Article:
Fantastic Beasts and Where to Find Them is to the “Harry Potter” cinematic universe what Captain America: The First Avenger is to the “Marvel” one. Bear with me here. In the obvious, both films are set in a golden-hued America of yesteryear where art deco glitter and workaday charm belie a dark societal underbelly of xenophobic, segregated bullying. In a more esoteric way, both films are surprising throwbacks to a slower paced, quieter, more subdued (escapist fantasy and overindulgent special effects notwithstanding) kind of film-making, where whimsy and poignancy meet and where heartbroken underdogs have their day.
I like cinema like that – Frank Capra, The Wizard of Oz, Howard Hawks, Saturday matinee cliffhangers, and so on, and even latter day homages like The Rocketeer or Dick Tracy. Modern audiences aren’t always sprung on this kind of retro storytelling – though Fantastic Beasts‘ box office returns seem to buck that trend.
J.K. Rowling’s Harry Potter book series (and the movie adaptations) focused, in a Brit boarding school milieu, on young wizarding students overcoming adversity, championing inclusion, and saving the day. Goodbye, Mr. Chips meets The Once and Future King. A Separate Peace meets Bewitched. Directed by longtime series helmer David Yates, Fantastic Beasts and Where to Find Them – a Harry Potter prequel of sorts that explores the American side of this magical world, nearly a century earlier (1926 to be exact) – is a different animal altogether (pun intended).
Newt Scamander (portrayed by Oscar-winner Eddie Redmayne with the same shaggy-dog, twitchy, social misfit schtick he employed in The Theory of Everything) is a Hogwarts dropout who has dedicated himself to rescuing, rehabilitating, and protecting the mythical, magical animals of this world, woebegone creatures that neither muggle nor wizard seem to treat with honor or respect. He ventures across the pond for mysterious reasons, and some of his furry and feathered friends escape his watchful eye to frolic in a Jazz Age Manhattan. Spirited hijinks ensue, with surprisingly genuine peril and minimal lowest-common-denominator slapstick. In fact, Redmayne frets that these runaway critters are now “surrounded by the most vicious creatures on the planet: humans.” If Al Gore and PETA collaborated on a Harry Potter backstory, I suspect it wouldn’t be too different from the screenplay J.K. Rowling crafted here. Again: ok by me.
Redmayne is joined by a fabulous rogues’ gallery of character actors:
Katherine Waterston, suggesting Maura Tierney’s introspective authority as a low-level American wizard cop;
Dan Fogler, the Putnam County Spelling Bee-Tony winner bringing limited comic relief as a sadsack “Non-Maj” and wannabe baker along for the ride;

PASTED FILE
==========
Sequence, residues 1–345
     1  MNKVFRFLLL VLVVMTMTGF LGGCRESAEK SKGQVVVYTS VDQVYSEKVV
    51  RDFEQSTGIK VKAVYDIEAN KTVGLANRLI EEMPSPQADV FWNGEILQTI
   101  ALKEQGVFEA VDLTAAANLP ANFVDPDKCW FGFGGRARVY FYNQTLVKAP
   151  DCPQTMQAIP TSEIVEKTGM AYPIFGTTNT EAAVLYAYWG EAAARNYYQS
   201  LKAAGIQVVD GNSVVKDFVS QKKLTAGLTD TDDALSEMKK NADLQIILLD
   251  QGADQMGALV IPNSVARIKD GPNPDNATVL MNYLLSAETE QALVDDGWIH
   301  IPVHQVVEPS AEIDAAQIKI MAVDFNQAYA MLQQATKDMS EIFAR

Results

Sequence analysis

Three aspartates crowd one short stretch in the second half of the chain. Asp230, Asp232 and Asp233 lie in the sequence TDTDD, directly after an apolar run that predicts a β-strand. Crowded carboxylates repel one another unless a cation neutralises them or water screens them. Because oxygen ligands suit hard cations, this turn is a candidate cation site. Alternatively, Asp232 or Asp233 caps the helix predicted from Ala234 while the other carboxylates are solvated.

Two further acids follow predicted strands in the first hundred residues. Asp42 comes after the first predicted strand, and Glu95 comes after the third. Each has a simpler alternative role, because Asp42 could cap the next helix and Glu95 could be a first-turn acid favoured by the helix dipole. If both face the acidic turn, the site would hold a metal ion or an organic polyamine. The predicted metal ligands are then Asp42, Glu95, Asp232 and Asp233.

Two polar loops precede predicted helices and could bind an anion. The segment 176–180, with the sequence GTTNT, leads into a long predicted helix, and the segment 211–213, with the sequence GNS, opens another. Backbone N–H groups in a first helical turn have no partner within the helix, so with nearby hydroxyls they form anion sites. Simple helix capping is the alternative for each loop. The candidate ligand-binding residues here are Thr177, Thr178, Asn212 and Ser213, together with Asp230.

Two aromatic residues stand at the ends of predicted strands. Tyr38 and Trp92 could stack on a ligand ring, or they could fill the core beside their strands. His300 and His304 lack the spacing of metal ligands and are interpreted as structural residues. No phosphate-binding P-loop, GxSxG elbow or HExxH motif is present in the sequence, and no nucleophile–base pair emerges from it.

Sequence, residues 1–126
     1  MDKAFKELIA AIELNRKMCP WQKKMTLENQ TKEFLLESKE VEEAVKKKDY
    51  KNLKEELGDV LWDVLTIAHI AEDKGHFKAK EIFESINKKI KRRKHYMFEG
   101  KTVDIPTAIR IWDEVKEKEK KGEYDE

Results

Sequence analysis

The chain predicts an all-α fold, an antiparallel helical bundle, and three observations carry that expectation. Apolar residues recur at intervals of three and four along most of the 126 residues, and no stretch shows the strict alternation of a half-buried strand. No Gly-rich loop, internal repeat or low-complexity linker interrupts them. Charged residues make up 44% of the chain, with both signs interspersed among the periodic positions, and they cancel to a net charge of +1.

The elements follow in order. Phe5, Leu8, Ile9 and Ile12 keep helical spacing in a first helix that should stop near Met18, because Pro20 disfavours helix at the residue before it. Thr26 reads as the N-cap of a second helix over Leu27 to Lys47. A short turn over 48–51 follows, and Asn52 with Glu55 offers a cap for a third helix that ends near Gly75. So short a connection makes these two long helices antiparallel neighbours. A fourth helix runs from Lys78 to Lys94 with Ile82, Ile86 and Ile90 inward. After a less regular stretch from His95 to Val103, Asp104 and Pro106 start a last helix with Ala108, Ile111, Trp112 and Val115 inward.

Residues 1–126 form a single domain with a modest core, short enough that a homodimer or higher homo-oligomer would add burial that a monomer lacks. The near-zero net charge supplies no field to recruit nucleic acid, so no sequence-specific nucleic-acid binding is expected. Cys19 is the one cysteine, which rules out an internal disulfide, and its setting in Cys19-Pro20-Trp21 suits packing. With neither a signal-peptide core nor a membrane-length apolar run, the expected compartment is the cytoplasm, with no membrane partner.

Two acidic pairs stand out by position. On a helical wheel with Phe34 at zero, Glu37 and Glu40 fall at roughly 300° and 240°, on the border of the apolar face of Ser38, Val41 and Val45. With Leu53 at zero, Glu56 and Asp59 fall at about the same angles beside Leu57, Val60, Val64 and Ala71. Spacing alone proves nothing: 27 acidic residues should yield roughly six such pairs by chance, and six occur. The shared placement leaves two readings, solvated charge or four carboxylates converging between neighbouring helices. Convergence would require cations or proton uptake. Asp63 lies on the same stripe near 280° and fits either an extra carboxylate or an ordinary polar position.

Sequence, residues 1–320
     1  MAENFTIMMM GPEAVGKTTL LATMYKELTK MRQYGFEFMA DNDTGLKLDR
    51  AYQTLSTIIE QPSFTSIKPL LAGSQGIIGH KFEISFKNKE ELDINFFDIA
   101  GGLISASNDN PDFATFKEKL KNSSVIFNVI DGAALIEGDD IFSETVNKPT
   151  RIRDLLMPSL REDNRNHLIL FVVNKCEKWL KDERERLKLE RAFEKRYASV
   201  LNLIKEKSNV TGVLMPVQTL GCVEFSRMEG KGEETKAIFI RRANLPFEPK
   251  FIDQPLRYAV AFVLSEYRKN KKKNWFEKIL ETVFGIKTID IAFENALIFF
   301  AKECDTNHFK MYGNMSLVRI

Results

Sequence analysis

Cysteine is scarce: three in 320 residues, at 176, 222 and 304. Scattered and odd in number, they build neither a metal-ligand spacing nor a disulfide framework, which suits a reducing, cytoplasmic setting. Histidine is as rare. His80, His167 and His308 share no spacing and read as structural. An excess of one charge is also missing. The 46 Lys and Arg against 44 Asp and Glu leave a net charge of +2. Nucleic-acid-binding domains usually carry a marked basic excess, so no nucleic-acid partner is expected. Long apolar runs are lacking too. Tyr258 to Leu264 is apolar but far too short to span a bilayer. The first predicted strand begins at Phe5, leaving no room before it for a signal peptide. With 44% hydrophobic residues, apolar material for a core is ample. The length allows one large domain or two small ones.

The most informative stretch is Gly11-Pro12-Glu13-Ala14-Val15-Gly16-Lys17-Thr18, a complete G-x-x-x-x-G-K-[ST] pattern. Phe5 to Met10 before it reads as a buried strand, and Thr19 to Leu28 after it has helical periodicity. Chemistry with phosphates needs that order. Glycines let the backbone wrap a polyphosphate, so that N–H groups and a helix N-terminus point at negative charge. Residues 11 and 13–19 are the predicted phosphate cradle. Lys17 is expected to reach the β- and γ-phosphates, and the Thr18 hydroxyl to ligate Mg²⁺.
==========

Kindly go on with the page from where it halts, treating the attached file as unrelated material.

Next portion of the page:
Alison Sudol, breathily transfixing – a Marilyn Monroe with Jessica Chastain’s flint – as Waterston’s mind-reading sis;
Ezra Miller, delivering the film’s most refreshingly unsettling moments as a glowering, abused Jimmy Fallon doppelganger (with an Oliver Cromwell haircuit) concealing a deep, dark secret;
Samantha Morton, always so ethereally captivating, this time as an ominous, muckraking evangelical;
Jon Voight, another great presence, when not getting tripped up by his own politics, ironically cast as a William Randolph Hearst-ish proto-Trump;
Carmen Ejogo, stately and evocative as the president of American wizarding society, tangled in her own bureaucratic machinations;
Ron Perlman, nearly unrecognizable as an Edward G. Robinson-ish mobster troll (literally, a troll), who runs muscle and intel from the murky corners of a Grimms’ fairy tale speakeasy;
And Colin Farrell, arguably the best of the bunch, having an understated field day, full of stylish gravitas, as Newt’s chief nemesis, maneuvering chess pieces to ignite a race war between wizards and humans.
Unlike other entries in the Harry Potter canon, Fantastic Beasts unfolds less like a picaresque and more like a candy-colored potboiler. (Technicolor noir?) Why is Newt in America? What is the political endgame for the various players introduced? Why is there such loathing and fear for these beautiful, mischievous creatures Newt hides and hauls around in a battered brown suitcase, a valise that magically hides a portal to Rowling’s version of the world’s grooviest “no-kill” shelter? By the film’s predictably cacophonous denouement (my only criticism), many answers are provided, but enough dangling threads are left to tee up (no doubt) another (very profitable) series of films. I think I’ll be packing my suitcase to tag along.